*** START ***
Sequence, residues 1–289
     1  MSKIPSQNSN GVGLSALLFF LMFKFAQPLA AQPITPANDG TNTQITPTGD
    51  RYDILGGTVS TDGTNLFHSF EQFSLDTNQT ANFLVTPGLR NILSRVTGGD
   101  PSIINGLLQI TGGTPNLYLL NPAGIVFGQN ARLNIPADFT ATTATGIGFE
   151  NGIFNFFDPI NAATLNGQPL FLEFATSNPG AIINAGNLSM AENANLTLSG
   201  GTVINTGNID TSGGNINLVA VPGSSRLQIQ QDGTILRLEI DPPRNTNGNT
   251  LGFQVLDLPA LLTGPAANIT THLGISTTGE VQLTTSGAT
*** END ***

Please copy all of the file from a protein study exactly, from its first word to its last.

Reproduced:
Sequence, residues 1–289
     1  MSKIPSQNSN GVGLSALLFF LMFKFAQPLA AQPITPANDG TNTQITPTGD
    51  RYDILGGTVS TDGTNLFHSF EQFSLDTNQT ANFLVTPGLR NILSRVTGGD
   101  PSIINGLLQI TGGTPNLYLL NPAGIVFGQN ARLNIPADFT ATTATGIGFE
   151  NGIFNFFDPI NAATLNGQPL FLEFATSNPG AIINAGNLSM AENANLTLSG
   201  GTVINTGNID TSGGNINLVA VPGSSRLQIQ QDGTILRLEI DPPRNTNGNT
   251  LGFQVLDLPA LLTGPAANIT THLGISTTGE VQLTTSGAT